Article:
‘Resign To Hold Office’ Rule Upheld

Some public sector employers have so-called “resign to hold office” rules. Indiana, for example, has a statute that prohibits individuals from simultaneously holding elected office and being employed in the same unit of government. These rules prohibit law enforcement officers and firefighters from successfully running for public office and continuing to hold their jobs as employees.

“Resign to hold office” rules have been consistently upheld as constitutional in spite of repeated First Amendment free speech challenges. Courts routinely find that the governmental interests in “resign to hold office” rules override the speech rights of employees.

And so it was in Indiana. A group of five employees joined together to challenge a state statute with a “resign to hold office” rule. Matthew Claussen is a police officer in Hobart and serves on the Hobart City Council. Susan Pelfrey works in the water department for the Town of New Chicago while also serving on the New Chicago Town Council. Michael Opinker and Scott Rakos are firefighters in the City of Hammond and serve on the Hammond City Council. Juda Parks works as a police officer in East Chicago and serves on the East Chicago City Council.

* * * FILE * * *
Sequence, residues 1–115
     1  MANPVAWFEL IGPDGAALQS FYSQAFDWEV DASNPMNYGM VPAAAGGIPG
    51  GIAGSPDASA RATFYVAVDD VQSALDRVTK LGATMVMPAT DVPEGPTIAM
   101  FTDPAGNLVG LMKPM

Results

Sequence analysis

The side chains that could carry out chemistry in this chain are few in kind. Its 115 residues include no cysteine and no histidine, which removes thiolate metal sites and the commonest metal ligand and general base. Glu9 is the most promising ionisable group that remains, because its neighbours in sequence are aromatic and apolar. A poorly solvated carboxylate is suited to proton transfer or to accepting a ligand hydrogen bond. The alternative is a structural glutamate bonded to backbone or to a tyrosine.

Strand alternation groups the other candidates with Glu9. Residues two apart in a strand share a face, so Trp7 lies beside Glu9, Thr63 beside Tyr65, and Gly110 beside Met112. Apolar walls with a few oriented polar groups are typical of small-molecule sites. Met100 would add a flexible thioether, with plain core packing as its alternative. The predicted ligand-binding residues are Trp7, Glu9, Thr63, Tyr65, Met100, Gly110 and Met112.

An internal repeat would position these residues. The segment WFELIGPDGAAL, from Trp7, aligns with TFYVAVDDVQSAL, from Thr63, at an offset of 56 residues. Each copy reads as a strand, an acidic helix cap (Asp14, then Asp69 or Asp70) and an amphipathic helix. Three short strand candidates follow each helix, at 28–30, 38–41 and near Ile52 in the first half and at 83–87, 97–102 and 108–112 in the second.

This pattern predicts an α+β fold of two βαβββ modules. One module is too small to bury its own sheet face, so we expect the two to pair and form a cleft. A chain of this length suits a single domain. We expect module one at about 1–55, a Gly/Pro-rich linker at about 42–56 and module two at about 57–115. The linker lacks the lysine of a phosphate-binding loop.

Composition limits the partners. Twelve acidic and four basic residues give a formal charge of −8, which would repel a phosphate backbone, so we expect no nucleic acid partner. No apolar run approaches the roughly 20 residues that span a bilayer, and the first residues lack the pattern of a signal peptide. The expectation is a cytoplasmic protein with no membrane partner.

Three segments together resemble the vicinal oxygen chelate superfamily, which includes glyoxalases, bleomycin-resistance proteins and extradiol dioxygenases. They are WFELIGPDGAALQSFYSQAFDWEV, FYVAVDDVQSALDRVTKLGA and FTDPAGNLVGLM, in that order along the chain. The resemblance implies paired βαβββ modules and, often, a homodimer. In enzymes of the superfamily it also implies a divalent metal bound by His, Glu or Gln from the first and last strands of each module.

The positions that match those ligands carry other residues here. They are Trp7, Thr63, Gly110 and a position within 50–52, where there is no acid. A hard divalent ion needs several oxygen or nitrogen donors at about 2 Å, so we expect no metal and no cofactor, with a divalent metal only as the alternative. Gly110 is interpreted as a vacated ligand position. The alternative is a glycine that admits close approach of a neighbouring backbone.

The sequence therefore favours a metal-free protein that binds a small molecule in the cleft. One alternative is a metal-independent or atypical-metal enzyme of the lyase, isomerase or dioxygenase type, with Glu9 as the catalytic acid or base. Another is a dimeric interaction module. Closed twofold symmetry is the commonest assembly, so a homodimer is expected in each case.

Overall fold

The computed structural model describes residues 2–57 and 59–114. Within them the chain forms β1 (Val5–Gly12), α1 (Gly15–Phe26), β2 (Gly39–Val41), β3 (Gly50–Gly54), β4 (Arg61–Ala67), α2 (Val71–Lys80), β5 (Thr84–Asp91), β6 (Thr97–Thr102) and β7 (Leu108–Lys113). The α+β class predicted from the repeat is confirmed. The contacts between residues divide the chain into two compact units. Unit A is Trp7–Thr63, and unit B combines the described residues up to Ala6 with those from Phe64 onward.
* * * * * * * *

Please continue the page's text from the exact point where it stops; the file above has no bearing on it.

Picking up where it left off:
A federal court rejected the five employees’ challenge to the state statute. The Court observed that “Courts across the nation have upheld far more burdensome restrictions on candidacy against First Amendment challenges, most applicable here outright bans on campaigning and candidacy and resign-to-run laws requiring would-be candidates to resign from their current office or employment to get on the ballot. The statute challenged here is far less onerous. Here, an employee can run for office and, should he win, choose between assuming office and continuing in his government job.

“In the resign-to-run context, the employee must quit his job and take a chance on the electoral process. If he loses the election, he is out of both the elected job and his civil service position. For this reason, whatever burden is imposed on the plaintiffs’ First Amendment rights in this case is much less than the burden placed on them in the resign-to-run context. And unquestionably, Indiana has a substantial and legitimate interest in preventing corruption and self-dealing or the appearance of those things.

“Weighing the factors in this case, it is clear that the government has an important and compelling interest in avoiding corruption or the appearance of corruption. As members of city or town council, the plaintiffs would have the authority under state law to vote for raises for municipal employees – including for themselves. It strikes me as entirely reasonable for the General Assembly to have wanted to avoid a situation where elected officials are allowed to feather their own nests.”

Claussen v. Pence, 2015 WL 7864571 (N.D. Ind. 2015).